Justice Scalia delivers scathing dissent of gay marriage decision

Supreme Court Justice Antonin Scalia, shown in this 2011 file photo, delivered a scathing dissent of Friday’s 5-4 decision that legalizes gay marriage nationwide, referring to it as a “threat to American democracy.” (AP file)
Supreme Court Justice Antonin Scalia, shown in this 2011 file photo, delivered a scathing dissent of Friday’s 5-4 decision that legalizes gay marriage nationwide, referring to it as a “threat to American democracy.” (AP file)

WASHINGTON (MEDIA GENERAL) – Not everyone was happy with the Supreme Court’s decision Friday, June 26, 2015 that overturned the sixth circuit’s decision and put an end to bans on same-sex marriage.

In fact, one of the ruling’s most ardent critics sits on the bench: Justice Antonin Scalia.

Known as an ardent conservative, Scalia issued a scathing dissent of the court’s ruling, calling it a “threat to American democracy.”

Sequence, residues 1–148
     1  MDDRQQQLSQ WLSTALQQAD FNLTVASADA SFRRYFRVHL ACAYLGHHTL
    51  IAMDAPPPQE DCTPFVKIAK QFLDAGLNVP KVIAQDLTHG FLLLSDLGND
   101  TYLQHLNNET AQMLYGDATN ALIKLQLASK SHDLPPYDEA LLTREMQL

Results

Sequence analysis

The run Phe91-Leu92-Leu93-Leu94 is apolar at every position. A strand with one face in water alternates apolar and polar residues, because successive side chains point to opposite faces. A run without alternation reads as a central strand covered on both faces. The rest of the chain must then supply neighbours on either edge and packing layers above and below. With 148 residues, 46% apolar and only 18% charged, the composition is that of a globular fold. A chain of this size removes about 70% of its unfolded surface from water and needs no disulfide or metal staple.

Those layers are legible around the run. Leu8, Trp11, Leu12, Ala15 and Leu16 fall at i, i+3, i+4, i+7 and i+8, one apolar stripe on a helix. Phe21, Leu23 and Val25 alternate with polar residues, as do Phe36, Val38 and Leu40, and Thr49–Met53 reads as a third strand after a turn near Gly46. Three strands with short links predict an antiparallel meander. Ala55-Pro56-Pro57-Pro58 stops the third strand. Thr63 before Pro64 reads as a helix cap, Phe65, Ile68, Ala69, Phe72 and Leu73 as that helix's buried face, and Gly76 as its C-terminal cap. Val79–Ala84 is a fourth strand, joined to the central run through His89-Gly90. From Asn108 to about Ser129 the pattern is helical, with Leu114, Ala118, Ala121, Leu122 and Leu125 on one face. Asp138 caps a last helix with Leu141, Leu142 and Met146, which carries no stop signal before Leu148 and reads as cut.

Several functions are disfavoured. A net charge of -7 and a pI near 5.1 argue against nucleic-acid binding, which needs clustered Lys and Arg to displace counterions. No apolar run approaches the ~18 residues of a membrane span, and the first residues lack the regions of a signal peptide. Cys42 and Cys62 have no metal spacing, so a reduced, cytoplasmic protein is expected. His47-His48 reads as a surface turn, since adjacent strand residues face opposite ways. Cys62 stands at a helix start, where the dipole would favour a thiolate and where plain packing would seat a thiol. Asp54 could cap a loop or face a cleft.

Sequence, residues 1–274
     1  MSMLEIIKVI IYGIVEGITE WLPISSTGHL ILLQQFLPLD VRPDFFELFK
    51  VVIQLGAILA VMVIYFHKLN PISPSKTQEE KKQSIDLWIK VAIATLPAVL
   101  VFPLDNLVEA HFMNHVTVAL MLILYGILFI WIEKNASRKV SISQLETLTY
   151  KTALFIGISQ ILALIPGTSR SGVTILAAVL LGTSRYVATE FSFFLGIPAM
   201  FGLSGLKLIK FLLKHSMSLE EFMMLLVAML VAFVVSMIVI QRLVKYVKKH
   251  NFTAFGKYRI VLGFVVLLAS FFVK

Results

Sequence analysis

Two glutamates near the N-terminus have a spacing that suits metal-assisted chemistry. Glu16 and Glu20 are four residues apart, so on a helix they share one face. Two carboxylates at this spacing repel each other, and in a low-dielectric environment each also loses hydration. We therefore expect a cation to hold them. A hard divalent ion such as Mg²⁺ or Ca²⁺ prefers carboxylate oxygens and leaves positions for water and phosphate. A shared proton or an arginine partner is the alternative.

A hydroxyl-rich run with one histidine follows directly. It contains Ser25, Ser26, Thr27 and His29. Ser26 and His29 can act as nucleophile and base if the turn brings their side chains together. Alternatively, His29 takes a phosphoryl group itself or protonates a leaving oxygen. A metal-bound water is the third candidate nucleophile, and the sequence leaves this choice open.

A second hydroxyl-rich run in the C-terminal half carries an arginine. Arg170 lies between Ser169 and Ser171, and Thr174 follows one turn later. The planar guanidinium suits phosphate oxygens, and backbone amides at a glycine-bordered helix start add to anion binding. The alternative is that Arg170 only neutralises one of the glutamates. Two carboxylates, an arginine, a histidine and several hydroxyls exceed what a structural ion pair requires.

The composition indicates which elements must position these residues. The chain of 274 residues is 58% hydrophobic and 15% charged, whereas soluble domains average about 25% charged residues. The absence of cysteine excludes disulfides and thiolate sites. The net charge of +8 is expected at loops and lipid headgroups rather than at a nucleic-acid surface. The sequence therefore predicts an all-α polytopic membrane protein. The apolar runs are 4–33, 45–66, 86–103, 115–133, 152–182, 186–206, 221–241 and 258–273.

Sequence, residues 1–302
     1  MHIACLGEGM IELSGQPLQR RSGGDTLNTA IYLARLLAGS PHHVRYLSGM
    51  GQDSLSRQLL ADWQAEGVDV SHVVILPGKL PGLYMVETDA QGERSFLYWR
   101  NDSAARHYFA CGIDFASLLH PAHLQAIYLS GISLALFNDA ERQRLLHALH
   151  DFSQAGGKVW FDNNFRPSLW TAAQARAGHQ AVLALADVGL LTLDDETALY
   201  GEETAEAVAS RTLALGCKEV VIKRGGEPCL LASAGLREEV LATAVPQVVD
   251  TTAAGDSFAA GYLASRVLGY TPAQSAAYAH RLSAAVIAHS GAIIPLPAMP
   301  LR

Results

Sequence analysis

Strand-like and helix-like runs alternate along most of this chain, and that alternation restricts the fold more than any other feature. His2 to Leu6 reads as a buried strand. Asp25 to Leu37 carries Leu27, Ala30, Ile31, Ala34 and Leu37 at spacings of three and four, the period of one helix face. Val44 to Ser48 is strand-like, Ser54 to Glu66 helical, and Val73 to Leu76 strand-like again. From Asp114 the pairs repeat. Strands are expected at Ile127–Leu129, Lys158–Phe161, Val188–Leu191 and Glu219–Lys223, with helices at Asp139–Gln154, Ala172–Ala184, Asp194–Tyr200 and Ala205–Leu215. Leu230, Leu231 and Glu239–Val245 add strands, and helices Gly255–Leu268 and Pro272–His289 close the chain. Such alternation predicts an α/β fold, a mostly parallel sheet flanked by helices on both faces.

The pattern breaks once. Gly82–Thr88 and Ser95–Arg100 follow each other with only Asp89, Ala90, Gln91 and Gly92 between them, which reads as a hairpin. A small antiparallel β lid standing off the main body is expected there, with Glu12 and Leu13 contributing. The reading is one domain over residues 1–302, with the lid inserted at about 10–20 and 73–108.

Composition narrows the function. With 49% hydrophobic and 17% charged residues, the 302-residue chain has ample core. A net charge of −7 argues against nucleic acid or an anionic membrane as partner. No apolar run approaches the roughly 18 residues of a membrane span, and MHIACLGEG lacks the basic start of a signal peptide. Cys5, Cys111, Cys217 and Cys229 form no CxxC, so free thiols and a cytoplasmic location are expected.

Scalia alleges the court has far overstepped its legal bounds.

“The substance of today’s decree is not of immense personal importance to me,” Scalia said. “It is of overwhelming importance, however, who it is that rules me. Today’s decree says that my ruler, and the ruler of 320 million Americans coast-to-coast, is a majority of the nine lawyers on the Supreme Court. Until the courts put a stop to it, public debate over same-sex marriage displayed American democracy at its best. But the courts ended this debate, in an opinion lacking even a thin veneer of law.”

Scalia also appears to claim the Supreme Court’s role in lawmaking takes away from the voice of American citizens.

“To allow the policy question of same-sex marriage to be considered and resolved by a select, patrician, highly unrepresentative panel of nine is to violate a principal even more fundamental than no taxation without representation: no social transformation without representation,” he said in his dissent.

Despite Scalia’s concerns, same-sex marriage now is legal in all 50 states.

President Barack Obama made a statement shortly after Friday’s ruling, calling the decision a “victory for America.”

“No matter who you are or what you look like or who you love, America is a place where you can write your own destiny,” Obama said. “When all Americans are treated as equal, we are all more free.”

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